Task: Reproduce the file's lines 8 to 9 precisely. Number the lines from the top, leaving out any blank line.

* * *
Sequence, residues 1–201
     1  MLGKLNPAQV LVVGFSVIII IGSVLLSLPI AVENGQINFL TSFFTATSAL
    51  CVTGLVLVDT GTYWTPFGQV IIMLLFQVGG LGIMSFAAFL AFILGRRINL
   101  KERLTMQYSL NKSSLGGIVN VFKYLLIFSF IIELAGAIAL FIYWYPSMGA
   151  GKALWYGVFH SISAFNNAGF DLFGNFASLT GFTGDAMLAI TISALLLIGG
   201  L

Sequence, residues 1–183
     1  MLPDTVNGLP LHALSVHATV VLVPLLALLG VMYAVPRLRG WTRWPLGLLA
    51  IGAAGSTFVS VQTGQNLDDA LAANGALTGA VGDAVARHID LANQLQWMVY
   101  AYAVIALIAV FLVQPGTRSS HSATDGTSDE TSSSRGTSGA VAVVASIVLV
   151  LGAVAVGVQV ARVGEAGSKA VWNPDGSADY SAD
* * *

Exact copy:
     1  MLPDTVNGLP LHALSVHATV VLVPLLALLG VMYAVPRLRG WTRWPLGLLA
    51  IGAAGSTFVS VQTGQNLDDA LAANGALTGA VGDAVARHID LANQLQWMVY